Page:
This study compares characteristics of claims involving high levels of opioid use to claims with similar injury mix and injured worker age that involved only a lower dose of opioids. Key findings include:
About 2.5 percent of all Accident Year 2013 (AY2013) claims with any opioid prescription involved high-risk opioid use within 12 months of the date of the injury compared with 1.4 percent of AY2016 claims.
High-risk opioid use claims incurred significantly higher medical and indemnity costs than similar lower-dose use claims, and they tended to remain open longer.
High-risk opioid use claims were much more likely to involve permanent disability benefits than similar lower-dose claims.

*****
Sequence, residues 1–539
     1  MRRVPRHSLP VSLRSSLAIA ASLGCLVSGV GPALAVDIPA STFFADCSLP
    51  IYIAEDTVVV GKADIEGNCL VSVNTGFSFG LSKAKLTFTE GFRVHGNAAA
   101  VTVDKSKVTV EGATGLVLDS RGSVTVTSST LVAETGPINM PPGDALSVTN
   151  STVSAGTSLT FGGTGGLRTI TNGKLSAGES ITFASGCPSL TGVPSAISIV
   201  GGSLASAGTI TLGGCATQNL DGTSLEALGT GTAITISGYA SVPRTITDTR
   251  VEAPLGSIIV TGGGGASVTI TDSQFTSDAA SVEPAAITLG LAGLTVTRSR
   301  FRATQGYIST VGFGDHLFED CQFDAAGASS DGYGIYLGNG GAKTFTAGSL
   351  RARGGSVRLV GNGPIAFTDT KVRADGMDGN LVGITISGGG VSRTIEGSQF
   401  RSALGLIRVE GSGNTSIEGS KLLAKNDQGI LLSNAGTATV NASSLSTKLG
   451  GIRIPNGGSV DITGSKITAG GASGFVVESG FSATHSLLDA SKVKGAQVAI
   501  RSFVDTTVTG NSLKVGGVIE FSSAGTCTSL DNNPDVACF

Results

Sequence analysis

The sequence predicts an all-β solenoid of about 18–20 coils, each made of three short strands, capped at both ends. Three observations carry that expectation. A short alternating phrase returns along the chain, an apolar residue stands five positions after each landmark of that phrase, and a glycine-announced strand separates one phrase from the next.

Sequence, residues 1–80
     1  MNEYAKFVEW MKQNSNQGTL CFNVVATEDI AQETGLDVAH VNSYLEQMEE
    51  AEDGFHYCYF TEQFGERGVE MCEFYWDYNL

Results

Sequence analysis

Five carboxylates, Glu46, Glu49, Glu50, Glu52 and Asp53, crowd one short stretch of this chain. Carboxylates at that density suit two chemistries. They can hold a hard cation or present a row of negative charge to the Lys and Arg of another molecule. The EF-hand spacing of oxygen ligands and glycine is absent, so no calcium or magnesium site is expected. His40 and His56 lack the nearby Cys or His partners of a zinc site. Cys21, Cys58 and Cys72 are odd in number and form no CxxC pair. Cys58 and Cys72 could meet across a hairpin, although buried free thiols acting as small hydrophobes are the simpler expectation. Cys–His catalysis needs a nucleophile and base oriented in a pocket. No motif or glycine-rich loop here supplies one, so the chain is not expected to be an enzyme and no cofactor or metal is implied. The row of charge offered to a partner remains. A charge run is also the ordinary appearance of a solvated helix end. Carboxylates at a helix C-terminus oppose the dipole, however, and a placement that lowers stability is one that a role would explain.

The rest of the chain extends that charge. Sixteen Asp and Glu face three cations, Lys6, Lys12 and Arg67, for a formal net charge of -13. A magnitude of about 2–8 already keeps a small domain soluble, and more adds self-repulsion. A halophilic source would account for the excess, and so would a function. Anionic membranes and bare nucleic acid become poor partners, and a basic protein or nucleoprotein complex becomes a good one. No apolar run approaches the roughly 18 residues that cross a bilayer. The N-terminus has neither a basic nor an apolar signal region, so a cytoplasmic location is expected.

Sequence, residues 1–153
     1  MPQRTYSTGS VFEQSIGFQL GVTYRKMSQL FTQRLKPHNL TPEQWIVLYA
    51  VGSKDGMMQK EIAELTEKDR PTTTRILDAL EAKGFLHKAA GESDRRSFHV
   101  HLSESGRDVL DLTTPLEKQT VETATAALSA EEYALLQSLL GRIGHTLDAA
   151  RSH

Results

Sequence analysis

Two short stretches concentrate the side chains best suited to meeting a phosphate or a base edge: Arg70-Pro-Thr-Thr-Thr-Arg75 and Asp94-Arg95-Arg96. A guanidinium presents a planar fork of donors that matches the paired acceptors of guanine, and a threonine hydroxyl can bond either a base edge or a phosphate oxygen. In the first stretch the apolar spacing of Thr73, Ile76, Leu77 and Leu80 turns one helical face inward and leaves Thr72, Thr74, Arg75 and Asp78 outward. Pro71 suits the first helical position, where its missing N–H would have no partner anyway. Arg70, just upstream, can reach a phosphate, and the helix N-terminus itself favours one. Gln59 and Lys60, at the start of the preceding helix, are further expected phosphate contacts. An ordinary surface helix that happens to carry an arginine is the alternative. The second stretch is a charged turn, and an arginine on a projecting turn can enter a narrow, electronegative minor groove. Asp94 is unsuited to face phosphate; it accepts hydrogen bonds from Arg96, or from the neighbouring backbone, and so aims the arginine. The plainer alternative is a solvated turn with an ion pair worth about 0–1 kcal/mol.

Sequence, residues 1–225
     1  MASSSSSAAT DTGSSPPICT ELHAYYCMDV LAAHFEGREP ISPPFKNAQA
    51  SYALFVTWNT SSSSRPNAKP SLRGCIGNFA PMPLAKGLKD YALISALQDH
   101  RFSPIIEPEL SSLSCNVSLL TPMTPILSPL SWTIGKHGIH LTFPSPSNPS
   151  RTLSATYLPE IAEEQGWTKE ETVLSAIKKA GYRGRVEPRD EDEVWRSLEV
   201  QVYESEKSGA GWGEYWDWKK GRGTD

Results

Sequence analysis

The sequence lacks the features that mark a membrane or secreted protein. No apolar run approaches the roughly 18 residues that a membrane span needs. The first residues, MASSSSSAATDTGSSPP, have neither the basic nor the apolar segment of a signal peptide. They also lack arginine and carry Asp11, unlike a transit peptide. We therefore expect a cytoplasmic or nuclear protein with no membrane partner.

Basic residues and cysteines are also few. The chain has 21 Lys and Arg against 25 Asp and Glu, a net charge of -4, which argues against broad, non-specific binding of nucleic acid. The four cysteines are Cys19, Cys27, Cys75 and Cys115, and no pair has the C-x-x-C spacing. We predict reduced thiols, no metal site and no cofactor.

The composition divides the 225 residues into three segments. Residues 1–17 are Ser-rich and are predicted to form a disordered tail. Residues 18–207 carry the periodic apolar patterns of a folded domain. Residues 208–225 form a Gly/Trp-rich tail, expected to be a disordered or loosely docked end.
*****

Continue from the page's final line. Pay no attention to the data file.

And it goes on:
During the first six months of treatment, the number of opioid prescriptions per AY2013 claim was 50 percent lower on lower-dose use claims compared to the similar high-risk claims, contributing to 50 percent lower total drug payments per claim.
Early indicators of high-risk opioid use include obtaining similar opioids from multiple dispensers, having overlapping opioid prescriptions, using extended-release/long-acting opioids and concurrently using opioids and benzodiazepines.
Physical therapy, acupuncture and chiropractic services – as well as nonsteroidal anti-inflammatory drugs and non-narcotics – were used significantly more on similar lower-dose use claims than on high-risk use claims.
Video: WCIRB Research Forum
The WCIRB’s Julia Zhang, Ph.D., Director, Medical Analytics, and Dave Bellusci, Executive Vice President and Chief Actuary, hosted a webinar to share findings of the study and answer questions. View the video recording of the webinar